From Spermophilus spilosoma pallescens (specimens from southeastern Coahuila), S. s. oricolus differs as follows: color more cinnamon especially on upper surface of hind foot; dorsal spots more distinct; smaller externally, except hind foot, which measures the same; braincase and postorbital constriction narrower; nasals shorter; auditory bullae conspicuously smaller.


From Spermophilus spilosoma cabrerai (specimens from eastern San Luis Potosí), S. s. oricolus differs mainly in pale (cinnamon) rather than dark (blackish) upper parts, but differs also in being smaller externally (judging from measurements given in the original description by Dalquest, Proc. Biol. Soc. Washington, 64:107, 1951), and in having a greater zygomatic breadth, narrower braincase and postorbital constriction, and narrower maxillary process.

Measurements.—Average and extreme measurements of eight specimens from the type locality (four females, including type, and four males) are as follows: total length (only five specimens), 234 (212-245); length of tail vertebrae (five only), 67 (50-75); length of hind foot, 36.1 (35-37); length of ear from notch, 8.4 (7.5-10.0); length of head and body, 166 (155-171); greatest length of skull, 41.2 (40.6-42.7); zygomatic breadth, 24.4 (23.7-25.2); cranial breadth, 18.4 (17.8-18.9); interorbital constriction, 9.2 (8.5-9.8); postorbital constriction, 13.4 (13.2-13.8); length of nasals, 14.0 (13.6-14.8); length of maxillary tooth-row, 8.0 (7.7-8.4); greatest distance between posterior border of maxillary plate and squamosal arm of zygoma, 9.9 (9.7-10.2).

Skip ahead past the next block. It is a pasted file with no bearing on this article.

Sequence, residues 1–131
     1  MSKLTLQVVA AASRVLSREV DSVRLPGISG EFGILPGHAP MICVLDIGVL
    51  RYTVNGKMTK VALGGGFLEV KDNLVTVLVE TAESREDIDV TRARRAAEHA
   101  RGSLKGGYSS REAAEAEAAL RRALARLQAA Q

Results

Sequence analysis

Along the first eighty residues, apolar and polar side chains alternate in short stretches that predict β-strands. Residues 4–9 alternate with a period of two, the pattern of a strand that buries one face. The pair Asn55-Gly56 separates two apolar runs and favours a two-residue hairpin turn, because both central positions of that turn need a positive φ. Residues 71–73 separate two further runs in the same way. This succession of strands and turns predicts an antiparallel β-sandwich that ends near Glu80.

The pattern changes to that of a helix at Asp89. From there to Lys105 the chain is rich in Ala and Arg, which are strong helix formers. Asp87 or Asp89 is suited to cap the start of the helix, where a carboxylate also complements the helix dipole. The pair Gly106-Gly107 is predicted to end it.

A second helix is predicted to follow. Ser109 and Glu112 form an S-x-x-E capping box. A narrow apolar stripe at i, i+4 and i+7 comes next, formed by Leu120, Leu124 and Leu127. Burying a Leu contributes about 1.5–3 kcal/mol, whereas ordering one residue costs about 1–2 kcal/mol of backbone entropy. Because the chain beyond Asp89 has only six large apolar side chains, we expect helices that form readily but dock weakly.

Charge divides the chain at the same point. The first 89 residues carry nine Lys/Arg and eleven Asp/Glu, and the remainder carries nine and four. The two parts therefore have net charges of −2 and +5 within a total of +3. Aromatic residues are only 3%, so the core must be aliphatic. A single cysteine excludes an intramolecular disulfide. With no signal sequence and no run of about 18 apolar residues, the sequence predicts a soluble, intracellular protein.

Remarks.—The type locality of S. s. oricolus is nearly at sea level on the coastal plain of eastern Tamaulipas. In so far as now known, the population of ground squirrel here named as new is isolated, the nearest records of occurrence being those reported by Hall (loc. cit.) from a place on the barrier beach approximately 80 miles north of La Pesca. The nearest record from the mainland (S. s. annectens) is from southern Texas.

A possible explanation for the presence of the species at La Pesca is that it dispersed southward along the barrier beach, and that an isolated or semi-isolated segment finally reached the mainland where the barrier beach rejoins it just northeast of La Pesca. This possibility is strengthened by study of the specimens already mentioned from 88-89 miles south and 10 miles west of Matamoros, because they combine many characters of annectens and oricolus. The insular specimens differ from both annectens and oricolus in having shorter nasals and a shorter skull, narrower zygomatic and interorbital regions, and a relatively broader interpterygoid space. Also, the zygomatic process of the maxillary, viewed dorsolaterally above the lacrimal, is even narrower that in oricolus and has the anterior border even more concave. In color, specimens from the barrier beach are pale as is oricolus, but the over-all color is reddish cinnamon rather than cinnamon buff. Concerning the juncture of the zygomatic plate with the jugal, 12 of the 13 specimens studied resemble annectens in this character and one resembles oricolus. The specimens from the barrier beach may themselves represent an unnamed subspecies; more material than now is available is needed, because most of the specimens are not fully adult. Because the 13 specimens from the barrier beach resemble oricolus slightly more than annectens, all characters considered, they are tentatively assigned to oricolus.

The author is grateful to Professor E. Raymond Hall and Mr. J. Knox Jones, Jr., for permission to examine the specimens here reported and for helpful suggestions. Field work that yielded the specimens was financed by the Kansas University Endowment Association. The laboratory phases of the study were made when the author was a half-time Research Assistant supported by a grant, No. 56 G 103, from the National Science Foundation.

Specimens examined.—A total of 23, all from Tamaulipas: 88 mi. S, 10 mi. W Matamoros, 12; 89 mi. S, 10 mi. W Matamoros, 1; 1 mi. E La Pesca, 10.

Transmitted November 8, 1961.